Friday, April 30, 2010

Oil Spill in the Gulf

An oil spill in the Gulf of Mexico is endangering wildlife and habitats along the gulf, and sources say that the oil has begun to reach coastal waters of Louisiana, home to nearly half of the country's wetlands. The first article points out that the way we have been cleaning up oil spills has remained largely the same since the 1960s. These methods include simply burning the oil off the surface of the water, a direct source of pollution.

The second article listed below makes an interesting point regarding the primarily Republican campaign to "drill baby, drill," in the article circle waters surrounding Alaska.

Congressman Jim Moran had this to say about the potential for disaster:

"If the drilling industry is incapable of capping a blowout in temperate waters in a region with more than 80 years of offshore experience in the close proximity of equipment, manpower and technical expertise, I have grave doubts about the industry's response capabilities in the frigid Arctic waters off Alaska's coast,"

What do you see as being a potential solution? Personally, I think that disasters like this happen infrequently, and that offshore drilling in Alaska is a feasible and profitable option for the United States. However, I also see the importance of preserving some of the last unscathed habitats we have in the United States. Can more be done regarding prevention for these oil spills?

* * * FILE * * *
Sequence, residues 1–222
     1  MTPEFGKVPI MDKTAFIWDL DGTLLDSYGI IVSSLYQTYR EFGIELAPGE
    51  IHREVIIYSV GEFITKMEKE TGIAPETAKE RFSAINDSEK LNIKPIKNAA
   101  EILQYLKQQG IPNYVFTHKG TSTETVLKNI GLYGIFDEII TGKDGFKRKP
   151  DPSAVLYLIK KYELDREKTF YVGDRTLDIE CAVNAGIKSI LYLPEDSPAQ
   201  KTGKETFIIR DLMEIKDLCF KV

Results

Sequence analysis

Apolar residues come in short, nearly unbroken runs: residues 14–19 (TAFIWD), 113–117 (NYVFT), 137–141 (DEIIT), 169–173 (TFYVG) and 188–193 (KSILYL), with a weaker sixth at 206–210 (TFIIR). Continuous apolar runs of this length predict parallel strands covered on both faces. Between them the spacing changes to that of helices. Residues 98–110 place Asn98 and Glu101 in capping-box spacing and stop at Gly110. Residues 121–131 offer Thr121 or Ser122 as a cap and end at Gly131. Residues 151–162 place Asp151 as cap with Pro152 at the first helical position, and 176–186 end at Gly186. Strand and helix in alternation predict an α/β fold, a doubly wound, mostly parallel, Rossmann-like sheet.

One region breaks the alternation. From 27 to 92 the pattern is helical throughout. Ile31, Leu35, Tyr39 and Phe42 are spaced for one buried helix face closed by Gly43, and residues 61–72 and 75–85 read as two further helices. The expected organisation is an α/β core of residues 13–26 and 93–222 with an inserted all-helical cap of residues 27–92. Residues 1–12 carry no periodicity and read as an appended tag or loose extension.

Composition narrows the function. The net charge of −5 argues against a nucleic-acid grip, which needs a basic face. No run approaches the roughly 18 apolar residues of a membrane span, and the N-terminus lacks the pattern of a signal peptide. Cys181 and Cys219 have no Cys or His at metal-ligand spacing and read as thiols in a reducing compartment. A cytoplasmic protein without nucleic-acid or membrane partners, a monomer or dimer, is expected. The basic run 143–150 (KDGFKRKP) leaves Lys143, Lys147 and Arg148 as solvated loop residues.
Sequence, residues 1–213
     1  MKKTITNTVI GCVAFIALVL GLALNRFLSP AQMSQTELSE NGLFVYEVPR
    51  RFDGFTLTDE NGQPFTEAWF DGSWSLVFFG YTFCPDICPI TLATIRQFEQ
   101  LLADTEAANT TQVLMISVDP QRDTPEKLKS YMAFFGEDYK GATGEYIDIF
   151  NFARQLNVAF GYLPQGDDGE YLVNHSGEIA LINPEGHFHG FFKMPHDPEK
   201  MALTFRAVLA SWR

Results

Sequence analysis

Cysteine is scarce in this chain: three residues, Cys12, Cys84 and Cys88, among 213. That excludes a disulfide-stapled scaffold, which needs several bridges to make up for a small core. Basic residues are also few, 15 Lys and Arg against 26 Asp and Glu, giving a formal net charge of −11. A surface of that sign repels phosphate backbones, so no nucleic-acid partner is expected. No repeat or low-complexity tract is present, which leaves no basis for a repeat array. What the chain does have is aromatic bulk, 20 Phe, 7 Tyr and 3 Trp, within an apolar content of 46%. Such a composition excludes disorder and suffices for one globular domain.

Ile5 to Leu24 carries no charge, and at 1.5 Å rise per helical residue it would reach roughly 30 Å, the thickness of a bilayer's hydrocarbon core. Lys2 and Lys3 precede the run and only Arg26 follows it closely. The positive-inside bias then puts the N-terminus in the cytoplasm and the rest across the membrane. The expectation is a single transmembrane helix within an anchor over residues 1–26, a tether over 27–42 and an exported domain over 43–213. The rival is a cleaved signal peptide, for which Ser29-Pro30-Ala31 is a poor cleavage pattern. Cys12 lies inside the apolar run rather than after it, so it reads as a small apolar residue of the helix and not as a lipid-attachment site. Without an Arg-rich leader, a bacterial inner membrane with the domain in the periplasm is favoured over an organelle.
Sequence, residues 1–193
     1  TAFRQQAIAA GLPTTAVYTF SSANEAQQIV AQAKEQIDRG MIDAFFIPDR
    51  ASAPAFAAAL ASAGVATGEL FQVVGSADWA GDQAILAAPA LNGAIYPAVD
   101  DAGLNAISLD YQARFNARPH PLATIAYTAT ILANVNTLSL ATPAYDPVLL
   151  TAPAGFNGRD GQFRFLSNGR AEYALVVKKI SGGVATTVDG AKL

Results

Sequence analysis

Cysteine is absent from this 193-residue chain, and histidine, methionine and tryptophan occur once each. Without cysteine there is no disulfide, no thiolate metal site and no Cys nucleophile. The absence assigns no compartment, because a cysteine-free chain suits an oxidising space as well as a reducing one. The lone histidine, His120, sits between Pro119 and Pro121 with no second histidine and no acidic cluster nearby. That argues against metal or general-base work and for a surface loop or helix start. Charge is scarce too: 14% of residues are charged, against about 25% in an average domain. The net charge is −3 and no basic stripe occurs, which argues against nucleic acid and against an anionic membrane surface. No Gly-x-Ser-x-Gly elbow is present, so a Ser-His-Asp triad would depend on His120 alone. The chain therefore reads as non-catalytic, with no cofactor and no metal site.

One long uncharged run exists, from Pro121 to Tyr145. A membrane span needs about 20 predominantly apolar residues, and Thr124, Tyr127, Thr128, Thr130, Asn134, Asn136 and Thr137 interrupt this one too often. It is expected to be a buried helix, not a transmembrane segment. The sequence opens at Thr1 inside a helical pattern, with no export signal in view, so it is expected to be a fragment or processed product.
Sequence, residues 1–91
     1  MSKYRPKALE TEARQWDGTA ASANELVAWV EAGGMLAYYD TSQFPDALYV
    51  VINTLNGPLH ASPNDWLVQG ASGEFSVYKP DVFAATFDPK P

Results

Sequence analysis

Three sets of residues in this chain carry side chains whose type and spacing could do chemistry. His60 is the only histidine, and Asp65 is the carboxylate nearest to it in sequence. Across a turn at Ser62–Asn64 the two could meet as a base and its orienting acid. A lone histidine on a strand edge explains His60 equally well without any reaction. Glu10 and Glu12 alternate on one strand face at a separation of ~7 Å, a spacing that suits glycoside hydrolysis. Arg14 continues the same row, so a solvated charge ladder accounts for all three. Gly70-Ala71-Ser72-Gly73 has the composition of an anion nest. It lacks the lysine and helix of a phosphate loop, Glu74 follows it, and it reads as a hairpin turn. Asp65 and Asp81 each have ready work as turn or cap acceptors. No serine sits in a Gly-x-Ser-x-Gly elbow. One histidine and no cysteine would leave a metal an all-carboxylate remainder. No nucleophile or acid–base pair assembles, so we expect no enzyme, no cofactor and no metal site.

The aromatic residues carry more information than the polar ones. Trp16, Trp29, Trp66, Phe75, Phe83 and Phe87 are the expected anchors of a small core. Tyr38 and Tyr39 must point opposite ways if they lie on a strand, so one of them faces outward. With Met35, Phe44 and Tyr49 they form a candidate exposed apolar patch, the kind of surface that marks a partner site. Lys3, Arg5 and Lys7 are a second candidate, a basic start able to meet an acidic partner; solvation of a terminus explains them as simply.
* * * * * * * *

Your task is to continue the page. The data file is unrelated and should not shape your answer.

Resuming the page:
1. This latest indecent provides insight into some of the potential problems of offshore drilling, in many ways this provides us with good information on what precautions might need to be taken in the future construction of oil platforms specifically platforms that are designed for operation in the harsh environment of the North Pacific.

  2. I read they recently set fire to the spill as a sort of last attempt to stop it from reaching the wetlands, it will be interesting to see if this technique will work or devastate the wetlands even more.

  3. Even though these accidents might happen infrequently, the impact they have devastates wildlife and causes pollution that is extremely detrimental to the environment. The cost of cleaning up this Gulf of Mexico oil spill is estimated to be over 3 billion for BP; so yes, I absolutely think more can be invested into prevention efforts. It may cost more to upgrade the technology, but monetary value cannot be placed on the wildlife lost when oil spills occur.

  4. It is amazing that we have come so far with technology and yet the only way we know to fix an oil spill is to burn the oil off the water. Oil spill may be infrequent but when they happen the effects on ecosystems are extremely damaging.

  5. These accidents are the main reason we cannot surround our coastlines with oil platforms. The environmental degredation and the amount of pollution and species loss to a spill would be disasterous for all or any coastal economy. It is impossible to completely eliminate human or technological error so these tragedies will not become a thing of the past.

  6. I agree that offshore drilling is a practical idea and that it can be done safely however the current methods of drilling to not have enough safety mechanisms to ensure the safety of the environment. In the case of the oil spill in the gulf the main line of oil to the tanker ruptured and then detached. There is a emergency valve near the source of the oil but for some reason they cannot get it turned off. If drilling companies were able to make a few simple changes like adding more emergency shutoff valves and putting a safety pipe around the drilling pipe they could prevent huge spills that have a large effect on the environment.


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